Your Gradebook Should Not Be a Punishment Tool

About Shawnta S. Barnes

Shawnta S. Barnes works in Indianapolis for the Metropolitan School District of Wayne Township as an elementary library/media specialist and for Marian University as an adjunct professor. Previously, she has served as an elementary and high school literacy coach, a middle and high school English/Language Arts teacher, and K-5 English as a New Language teacher. She is also an education blogger for Indy Education, a publication under the Citizen Education network.

If you want to start an argument among educators, discuss gradebooks and grading practices.  There are various opinions floating around about grades and various grading rules teachers must follow based on mandates from the principal or school district.

I have worked at different schools during the course of my career and below are some of the mandates I have had to follow:

  • No student can be given a grade lower than a 50% F even if the student does not turn in the assignment.
  • Students must be allowed to redo all assignments and retake any assessments; you must give the higher grade and not an average of the multiple submissions of the assignment or assessment.
  • The weight of each category in the gradebook such as: test, quizzes, homework, classwork, etc. was predetermined.

At the end of the day, I didn’t want to be reprimanded for not following guidelines.  I followed them even if I didn’t agree with them all. What I don’t understand is when educators use the gradebook as a discipline tool.  The gradebook is a tool to document mastery, not a tool to punish a student.

The gradebook is a tool to document mastery, not a tool to punish a student. Click To Tweet

I currently work in a school with few grading mandates, in comparison to other schools where I have previously worked.  Even though this isn’t mandated at my current school, I allow my students to redo work because I want them to master the skill.  I don’t believe if a student fails, we should just shrug our shoulders and move on to the next skill. We should reteach and give them an opportunity to show mastery.  I know a student who was frustrated and had a meltdown during an assessment. The teacher knew the student could do the work, but instead of wanting to give the student another opportunity to do the work, the teacher thought it was more important for the student to learn a life lesson about doing the work within the time allotted.  The student was punished and the gradebook did not accurately reflect what the student could do.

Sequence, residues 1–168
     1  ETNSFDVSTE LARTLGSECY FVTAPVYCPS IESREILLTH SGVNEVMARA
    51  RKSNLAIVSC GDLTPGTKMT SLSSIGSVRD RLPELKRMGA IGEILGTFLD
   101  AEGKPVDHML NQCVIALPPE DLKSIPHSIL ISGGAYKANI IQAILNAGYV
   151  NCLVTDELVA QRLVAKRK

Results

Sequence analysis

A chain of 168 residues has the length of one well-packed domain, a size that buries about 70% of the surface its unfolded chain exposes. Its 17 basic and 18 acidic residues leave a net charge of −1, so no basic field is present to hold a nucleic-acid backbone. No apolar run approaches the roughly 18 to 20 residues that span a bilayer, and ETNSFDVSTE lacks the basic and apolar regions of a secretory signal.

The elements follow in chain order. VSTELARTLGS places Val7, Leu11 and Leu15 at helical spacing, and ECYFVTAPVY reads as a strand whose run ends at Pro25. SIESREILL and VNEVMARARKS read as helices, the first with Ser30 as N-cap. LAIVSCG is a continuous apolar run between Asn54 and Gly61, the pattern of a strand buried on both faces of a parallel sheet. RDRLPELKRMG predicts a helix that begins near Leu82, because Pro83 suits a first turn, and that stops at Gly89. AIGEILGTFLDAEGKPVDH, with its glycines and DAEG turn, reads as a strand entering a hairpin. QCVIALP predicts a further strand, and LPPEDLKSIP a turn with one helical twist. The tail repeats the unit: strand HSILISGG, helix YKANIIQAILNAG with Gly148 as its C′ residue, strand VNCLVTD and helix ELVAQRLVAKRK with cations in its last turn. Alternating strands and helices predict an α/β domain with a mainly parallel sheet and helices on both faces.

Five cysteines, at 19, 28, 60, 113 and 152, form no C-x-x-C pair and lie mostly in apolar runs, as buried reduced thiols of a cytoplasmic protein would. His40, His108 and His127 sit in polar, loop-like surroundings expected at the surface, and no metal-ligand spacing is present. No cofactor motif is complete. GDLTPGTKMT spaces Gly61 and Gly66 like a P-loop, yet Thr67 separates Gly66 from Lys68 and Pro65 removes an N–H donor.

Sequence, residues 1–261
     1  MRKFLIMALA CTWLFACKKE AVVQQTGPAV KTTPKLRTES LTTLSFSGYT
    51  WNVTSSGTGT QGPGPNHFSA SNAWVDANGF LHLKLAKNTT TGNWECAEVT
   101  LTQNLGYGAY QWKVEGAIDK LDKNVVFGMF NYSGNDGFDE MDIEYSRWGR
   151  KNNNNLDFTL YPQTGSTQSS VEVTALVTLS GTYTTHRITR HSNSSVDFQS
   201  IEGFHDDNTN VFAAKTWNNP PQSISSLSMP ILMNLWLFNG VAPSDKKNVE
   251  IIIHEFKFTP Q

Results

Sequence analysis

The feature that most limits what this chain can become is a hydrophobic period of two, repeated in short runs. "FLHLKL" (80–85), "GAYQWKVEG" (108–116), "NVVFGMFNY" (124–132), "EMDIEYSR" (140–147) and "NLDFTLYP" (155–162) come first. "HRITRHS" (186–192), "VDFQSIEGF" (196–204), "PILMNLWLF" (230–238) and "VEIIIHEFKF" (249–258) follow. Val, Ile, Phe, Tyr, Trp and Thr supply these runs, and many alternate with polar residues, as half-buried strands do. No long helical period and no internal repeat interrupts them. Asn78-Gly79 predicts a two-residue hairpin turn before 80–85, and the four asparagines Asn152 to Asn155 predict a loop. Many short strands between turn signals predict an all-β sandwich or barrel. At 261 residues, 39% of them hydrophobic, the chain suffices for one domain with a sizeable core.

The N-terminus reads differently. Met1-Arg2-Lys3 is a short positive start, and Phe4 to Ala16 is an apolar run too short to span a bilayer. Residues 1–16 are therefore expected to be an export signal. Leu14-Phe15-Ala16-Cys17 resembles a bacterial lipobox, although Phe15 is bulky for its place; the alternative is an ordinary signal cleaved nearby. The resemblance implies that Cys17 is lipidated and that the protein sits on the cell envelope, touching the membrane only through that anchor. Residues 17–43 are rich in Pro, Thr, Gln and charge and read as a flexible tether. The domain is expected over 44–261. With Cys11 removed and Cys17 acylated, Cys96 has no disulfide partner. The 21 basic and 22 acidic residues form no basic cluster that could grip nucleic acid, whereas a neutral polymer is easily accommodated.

Another highly debated aspect of the gradebook is a participation.  In addition to teaching in a high school, I am also a part-time adjunct professor. In full disclosure, I give a self-reflection/participation assignment to my college students at the end of the course where I ask them to reflect upon the class and their participation both online and when we have face to face sessions.  It is the content of their discussion in class and online that really counts, not their behavior. Unfortunately, some participation grades in the K-12 setting have been used to address the behavior in class. “Shawnta, he’s not about to keep acting a fool in my class; I need this participation grade to keep him in line,” a teacher once told me.  Why should a child’s grade be lowered when he or she is showing mastery because he or she can’t behave in the class? Isn’t that what the comment section on the report card is for to address the reason for the grade, be it high or low, and to address behavior? Honestly, some of the most painful thorns in my side are the brightest students I know.

It is the content of their discussion in class and online that really counts, not their behavior. Click To Tweet

As a parent, I want to look at my children’s report card and know that this grade is truly reflective of what they have learned, not reflective of how they behaved.  Behavior does need to be addressed, but the gradebook should not be used to help manage student behavior.

Have you witnessed teacher gradebook’s become tools for punishment?

 

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By |2018-05-05T22:56:26+00:00May 5th, 2018|Instruction&Curriculum|0 Comments

About the Author:

Shawnta S. Barnes works in Indianapolis for the Metropolitan School District of Wayne Township as an elementary library/media specialist and for Marian University as an adjunct professor. Previously, she has served as an elementary and high school literacy coach, a middle and high school English/Language Arts teacher, and K-5 English as a New Language teacher. She is also an education blogger for Indy Education, a publication under the Citizen Education network.

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